CAMPAIGNERS are to approach owners of vacant buildings in Henley to ask if
CAMPAIGNERS are to approach owners of vacant buildings in Henley to ask if they could be used to house people fleeing from Syria.
Henley Syrian Refugee Support was formed at a meeting on Monday night attended by 13 people.
The Imperial Hotel in Station Road, which is owned by Dr Raymond Crockett, from Remenham, was put forward as a possible venue as was the Chilterns End care home, off Greys Road, which is moving to the new Townlands Hospital site. The current site has been earmarked for 27 homes under the joint Henley and Harpsden neighbourhood plan.
The group also plans to write to Henley MP John Howell demanding another meeting with him. Members were unhappy with his response when they lobbied him in January over the Government’s pledge that Britain will accept 20,000 refugees from Syria over five years, saying it was not nearly enough.
Former immigration barrister Nicola Scannell, who organised the lobby, said: “We all felt that it wasn’t necessarily something he supported, although he did say he was going to take it back.
“One can’t help but think that politically it’s going off the agenda because we’re so Europe-focused. I think that has quite negative connotations. We have to help more people and that help has to start at a local level. They are going to be in someone’s back yard, someone’s school and someone’s local authority and I like to think some of them could be here.”
Louise Stuart-Bennett, of St Andrew’s Road, Henley, said Mr Howell shouldn’t be let “off the hook”.
Maggie Atkinson, of Queen Street, Henley, said the MP was “dismissive” adding: “There was no compassion, no heart.”
Mrs Scannell’s husband Rick said 20,000 refugees over five years was a “ridiculously low” figure and he wanted Henley to be considered an “appropriate place” of safety.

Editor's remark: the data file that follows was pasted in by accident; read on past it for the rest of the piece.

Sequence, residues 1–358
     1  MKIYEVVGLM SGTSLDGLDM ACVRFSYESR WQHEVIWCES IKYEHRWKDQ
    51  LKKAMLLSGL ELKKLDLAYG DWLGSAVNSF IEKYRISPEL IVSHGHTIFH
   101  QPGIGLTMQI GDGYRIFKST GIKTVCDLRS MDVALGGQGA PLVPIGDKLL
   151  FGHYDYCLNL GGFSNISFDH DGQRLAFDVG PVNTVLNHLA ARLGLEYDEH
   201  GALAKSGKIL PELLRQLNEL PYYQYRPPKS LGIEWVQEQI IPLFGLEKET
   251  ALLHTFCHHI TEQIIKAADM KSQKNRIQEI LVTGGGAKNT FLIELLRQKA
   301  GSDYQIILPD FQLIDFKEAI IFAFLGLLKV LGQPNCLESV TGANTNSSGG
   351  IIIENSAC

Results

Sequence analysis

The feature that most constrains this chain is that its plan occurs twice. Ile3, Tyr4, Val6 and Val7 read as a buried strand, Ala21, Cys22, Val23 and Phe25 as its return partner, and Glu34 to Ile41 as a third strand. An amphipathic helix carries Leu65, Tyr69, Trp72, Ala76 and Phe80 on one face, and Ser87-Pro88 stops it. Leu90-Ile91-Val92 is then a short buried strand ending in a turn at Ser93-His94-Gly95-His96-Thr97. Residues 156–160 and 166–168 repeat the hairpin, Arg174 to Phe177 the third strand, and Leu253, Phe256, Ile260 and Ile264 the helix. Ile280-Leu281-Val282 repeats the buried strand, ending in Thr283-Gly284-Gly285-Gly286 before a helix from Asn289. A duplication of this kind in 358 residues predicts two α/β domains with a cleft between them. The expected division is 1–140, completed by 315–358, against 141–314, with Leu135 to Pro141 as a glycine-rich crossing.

The meeting heard that South Oxfordshire and Vale of White House district councils would take eight families this year.
The group will also approach headteachers in an effort to find out how many school places are available for refugees.
Mrs Scannell, 43, from Northend, said: “We want to be able to respond to a suggestion that this is ‘pie in the sky’ because there are no school places. It’s not just accommodation they’re looking for, there’s a lot of support they need, from the most basic things from helping to do some shopping in the beginning and getting some money together to enabling them to have uniforms so their children can go to school.
“A lot of them will be fairly well educated — English is quite widely spoken.
“In one sense the more concrete our ideas are, the harder it is for them to say ‘it can’t be done’. I think there has been quite an invidious campaign so people feel distant and don’t feel like we should have a humanitarian response.”
Mr Howell said: “I have given them a straight answer that encapsulates the Government’s position. I agreed to take their concerns back.
“I still think the Government is right to take 20,000 from the camps next to Syria and if they want to go and visit a camp in Jordan I’m sure that can be arranged.
“Their view is certainly not the only view in Henley. After this group had left my surgery, I had others attend who wanted no more refugees and wanted strict controls on immigration. What am I supposed to do?”